Jesus has been both instructing and illustrating about greatness in the Kingdom and great crowds began to follow him. Most recently he has, for the third time, specifically predicted his death and resurrection, though most did not understand this was the redemptive fulfillment of His life. What is coming is a sham trial, public beating and mocking, and the death of a condemned criminal among criminals. We are now in the last week of Jesus’ life. His entry into Jerusalem, his final instructions to the crowds and to the disciples, and the courage to face the cross contrary to his will but in obedience to the heavenly Father, and as such, in the parable of the King and the wedding feast, showing us the patience of God to those He has chosen and called.
8 “Then he said to his servants, ‘The wedding banquet is ready, but those I invited did not deserve to come. 9 So go to the street corners and invite to the banquet anyone you find.’ 10 So the servants went out into the streets and gathered all the people they could find, the bad as well as the good, and the wedding hall was filled with guests. Matthew 22:8-10.
1. Salvation First to Israel and Sons of Abraham. In understanding the Bible, we start with the foundation, ‘Christianity is Jewish’. From the fall in the Garden, to the promises made to Abraham and his generations (Gen 12, 15, 22) , the promise of salvation started in God’s chosen people, Israel. Yet the Old Testament is filled with the repeated grace of God and rejection of his instructions by Israel. While in the OT the promise of salvation was also to be extended to the non-Jew, the message of Jesus repeated this message of the failure of Israel and the invitation to those of us outside Israel. Such is now the case with the parable.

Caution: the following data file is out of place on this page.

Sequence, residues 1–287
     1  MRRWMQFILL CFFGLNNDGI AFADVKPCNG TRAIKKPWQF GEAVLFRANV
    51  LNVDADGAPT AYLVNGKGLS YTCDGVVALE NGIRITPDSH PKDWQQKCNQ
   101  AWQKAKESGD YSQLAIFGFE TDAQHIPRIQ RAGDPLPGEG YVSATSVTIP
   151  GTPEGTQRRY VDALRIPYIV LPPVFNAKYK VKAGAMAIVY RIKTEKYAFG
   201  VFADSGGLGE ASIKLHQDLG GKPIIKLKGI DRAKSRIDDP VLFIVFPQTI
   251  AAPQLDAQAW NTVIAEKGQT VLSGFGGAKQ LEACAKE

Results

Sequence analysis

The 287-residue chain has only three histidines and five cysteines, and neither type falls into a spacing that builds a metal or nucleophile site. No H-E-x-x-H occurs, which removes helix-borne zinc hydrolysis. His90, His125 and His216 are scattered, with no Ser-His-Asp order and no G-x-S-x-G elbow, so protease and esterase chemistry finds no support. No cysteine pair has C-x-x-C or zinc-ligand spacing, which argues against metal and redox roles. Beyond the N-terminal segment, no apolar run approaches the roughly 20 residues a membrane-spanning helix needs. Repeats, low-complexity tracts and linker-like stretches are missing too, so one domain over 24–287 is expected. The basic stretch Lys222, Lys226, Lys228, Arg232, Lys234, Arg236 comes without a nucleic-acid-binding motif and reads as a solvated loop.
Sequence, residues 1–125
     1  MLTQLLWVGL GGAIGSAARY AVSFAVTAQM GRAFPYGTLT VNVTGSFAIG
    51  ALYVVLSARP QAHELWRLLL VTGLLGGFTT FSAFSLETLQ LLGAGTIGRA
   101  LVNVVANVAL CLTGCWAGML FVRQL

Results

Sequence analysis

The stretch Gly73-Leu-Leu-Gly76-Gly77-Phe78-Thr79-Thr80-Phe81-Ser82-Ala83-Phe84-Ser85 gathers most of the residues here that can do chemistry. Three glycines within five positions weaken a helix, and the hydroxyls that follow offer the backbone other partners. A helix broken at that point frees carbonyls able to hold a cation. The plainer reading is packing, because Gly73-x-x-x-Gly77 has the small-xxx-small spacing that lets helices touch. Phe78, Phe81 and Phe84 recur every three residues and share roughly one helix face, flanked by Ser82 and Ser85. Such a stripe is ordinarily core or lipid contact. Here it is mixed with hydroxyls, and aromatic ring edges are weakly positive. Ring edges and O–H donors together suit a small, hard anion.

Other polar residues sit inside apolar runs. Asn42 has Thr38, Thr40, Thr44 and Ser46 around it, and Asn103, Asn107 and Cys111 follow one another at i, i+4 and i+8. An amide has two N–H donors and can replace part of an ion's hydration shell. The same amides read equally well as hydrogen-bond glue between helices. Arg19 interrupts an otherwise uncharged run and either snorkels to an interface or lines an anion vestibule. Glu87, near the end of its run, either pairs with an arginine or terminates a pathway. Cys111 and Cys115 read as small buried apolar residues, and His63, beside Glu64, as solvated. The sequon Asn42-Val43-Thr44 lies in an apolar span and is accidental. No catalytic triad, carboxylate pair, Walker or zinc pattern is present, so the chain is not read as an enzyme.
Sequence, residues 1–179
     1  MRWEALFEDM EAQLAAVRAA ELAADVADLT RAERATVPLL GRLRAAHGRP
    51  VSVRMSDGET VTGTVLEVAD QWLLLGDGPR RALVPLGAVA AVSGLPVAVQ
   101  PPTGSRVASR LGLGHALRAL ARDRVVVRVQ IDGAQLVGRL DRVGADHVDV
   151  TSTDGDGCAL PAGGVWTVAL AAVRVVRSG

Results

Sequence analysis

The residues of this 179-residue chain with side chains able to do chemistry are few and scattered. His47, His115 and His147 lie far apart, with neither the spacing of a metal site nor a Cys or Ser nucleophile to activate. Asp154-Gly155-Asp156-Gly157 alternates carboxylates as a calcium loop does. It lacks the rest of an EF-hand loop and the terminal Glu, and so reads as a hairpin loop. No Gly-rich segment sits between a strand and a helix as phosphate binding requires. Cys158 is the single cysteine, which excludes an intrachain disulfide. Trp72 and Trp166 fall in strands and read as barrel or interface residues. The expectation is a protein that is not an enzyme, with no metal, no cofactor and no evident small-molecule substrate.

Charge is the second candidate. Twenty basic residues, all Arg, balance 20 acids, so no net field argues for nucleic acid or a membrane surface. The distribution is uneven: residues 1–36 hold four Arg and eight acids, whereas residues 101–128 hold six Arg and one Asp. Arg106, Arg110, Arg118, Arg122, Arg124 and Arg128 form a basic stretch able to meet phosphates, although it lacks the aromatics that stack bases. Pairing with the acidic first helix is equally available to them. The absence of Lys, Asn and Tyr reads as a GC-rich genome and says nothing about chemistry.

2. The King’s repeated offer to His guests to enjoy the wedding feast / the life of God’s people with Him in heaven. The event is ready. The wedding is set. The guests are invited twice. Not only do they refuse the King’s invitation, but they kill the messenger servants who brought the invitation. No clearer message of the deserving loss of salvation to those who reject the invitation of the King. And the introduction to this passion week, where the Jews and Romans will reject the message of Jesus and put him to death.
3. The Main Point of the Parable: As symbolized by the king. God is patient. It is God who first calls, and then invites those who have been previously called. It is God who, when His offer is rejected, does not immediately pour out His wrath. But makes a further urgent appeal, and takes in those who did not deserve to come to the feast – all those who are good and bad.
For many are invited but few are chosen. Matthew 22:14. How can we go past this season without again our gratitude to God for His drawing us to Himself, and giving us what we do not deserve. Best to you this week.
- John Moore